Congress Passes FY 2013 Funding – No Shutdown, Sequestration Intact
Published: March 22, 2013
This week the Congress passed a fiscal year (FY) 2013 funding bill that provides budgets for a handful of federal departments and continuing resolution (CR) level funding for the remaining departments and agencies through the end of fiscal 2013 on September 30. The final bill averts the potential for a government shutdown and funds key priorities while leaving intact the sequestration rules set under the Budget Control Act (BCA).
When all was said and done, the House passed a Senate amended version of the original H.R. 933 House funding bill. The House original appropriated new budgets for the Department of Defense (DoD), military construction (MilCon) and the Veterans Affairs department.
The Senate added new budgets for Agriculture, Commerce, Justice, Homeland Security, NASA, and select other agencies. All others will be funded at FY 2012 levels. (For our take on the overall impacts of the House bill check out this recent blog and for some DoD, VA and DHS implications see this blog.)
Of the handful of appropriations bills that were finally passed, Congress did make some changes to fund select departments and agencies to reflect current priorities and give some flexibility in dealing with spending caps. A summary of these appropriations are presented in the table below.
Department of Defense
Total FY 2013 discretionary spending for DoD is set at totals $604.9 billion, including $87 billion for Overseas Contingency Operations. This is roughly $30 billion less than the FY 2012 appropriations, representing a decrease of 4.5%. Other highlights and funding priorities in the bill include:
- Complies with the Budget Control Act spending caps by eliminating unneeded, unrequested funding that would be provided if the CR was extended
- Directs 671 cuts to unnecessary or under-performing programs and eliminates excess funding due to schedule delays, program terminations, redundancies, and budgeting errors
- Rescinds nearly $4 billion in unspent prior year funds
- Aligns funding to new Defense strategy to fund current needs and reprioritizes funds to address known shortfalls
- Fully complies with Senate Rule XLIV for transparency and maintains earmark moratorium
- Bill provides the necessary funding for training and military health care
- Adds $1.5 billion to the National Guard and Reserve Equipment account
- $486 million to repair aging base facilities
- Adds $463 million to mitigate shortfalls in day-to-day operation costs for installations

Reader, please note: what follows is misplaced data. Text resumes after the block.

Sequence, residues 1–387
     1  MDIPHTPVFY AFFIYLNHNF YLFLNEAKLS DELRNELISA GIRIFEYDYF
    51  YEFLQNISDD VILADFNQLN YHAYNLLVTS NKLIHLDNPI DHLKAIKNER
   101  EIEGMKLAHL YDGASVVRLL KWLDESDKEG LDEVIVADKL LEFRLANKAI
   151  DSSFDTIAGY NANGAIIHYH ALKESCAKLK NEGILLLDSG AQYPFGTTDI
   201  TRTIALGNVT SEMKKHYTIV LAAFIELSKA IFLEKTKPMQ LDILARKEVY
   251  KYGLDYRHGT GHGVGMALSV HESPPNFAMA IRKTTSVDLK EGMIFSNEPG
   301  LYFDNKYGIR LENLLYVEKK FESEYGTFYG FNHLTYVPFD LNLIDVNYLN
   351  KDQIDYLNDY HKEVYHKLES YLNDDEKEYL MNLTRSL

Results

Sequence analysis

- Increases funding for nanotechnology, advanced materials, silicon carbide, and manufacturing technologies
Overall FY 2013 discretionary spending for DHS is $39.6 billion, excluding $254 million for Overseas Contingency and $6.4 billion for the disaster relief cap adjustment.
- Coast Guard: $10.4 billion overall, of which $9 billion is discretionary spending. The bill also provides targeted increases above the FY 2013 request to support front line personnel with resources, including $8 million for initial acquisition planning and design of a new polar icebreaker and $20 million to reverse cuts proposed in the request for critical operational assets.
- Transportation Security Administration (TSA): $7.5 billion for TSA is reduced by $2.4 billion in offsetting collections and fees. The bill includes funding for investments in explosives detection systems, passenger screening technologies, and air cargo security. The bill includes several funding oversight requirements including expenditure plans for checkpoint security technology investments, explosives detection systems for checked baggage, and air cargo security. In addition, language is included requiring TSA to provide a five-year investment plan forecast for passenger screening technologies.
- U.S. Customs and Border Protection (CBP): $11.9 billion, which adds $79 million above the request for procurement, operations, and maintenance of critical air and marine assets used to defend our borders – including one additional multi-role enforcement aircraft, enhanced radar for unmanned aerial systems, and $28 million to increase flight hours.
- U.S. Immigration and Customs Enforcement (ICE): $5.7 billion for ICE, primarily supporting personnel and operations, including border patrol, special agents and immigration officials.
- United States Citizenship and Immigration Services (USCIS): $112 million in direct appropriations for USCIS and fully funds the E-Verify employment eligibility verification system.
- United States Secret Service: $1.6 billion, adding $3.5 million for priority domestic and electronic crimes investigations and continues the multi-year modernization of critical White House and other Secret Service information technology and communications systems.
- Science and Technology (S&T): $835 million, returning to FY 2011 levels, for R&D in biological defense, explosives defense, cyber security, first responders, border security, chemical countermeasures, and interoperability.
- Domestic Nuclear Detection Office (DNDO): $318 million, including $28 million for handheld portable radiation detectors and $75 million for research and development of next-generation detection technologies.
- National Protection and Programs Directorate (NPPD): $1.4 billion, including the following:
- $232 million for a new account, the Office of Biometric Identity Management (OBIM). Instead of realigning the US-VISIT program as proposed in the FY 2013 budget, the bill creates a new account for OBIM, the DHS lead responsible for biometric identity management services.
- $756 million for cybersecurity programs including Einstein intrusion detection and a critical cyber diagnostic strategy for the 118 federal agencies. Also included in cybersecurity funding is $16.8 million for cyber education programs.
- $260 million in infrastructure protection programs to bolster against natural and man-made disasters, including $78 million to implement the Chemical Facility Anti-Terrorism Standards Program.
- Office of Health Affairs (OHA): $132 million, including $85 million for the Bio-Watch Program and $2 million to complete demonstration projects through the Chemical Defense Program.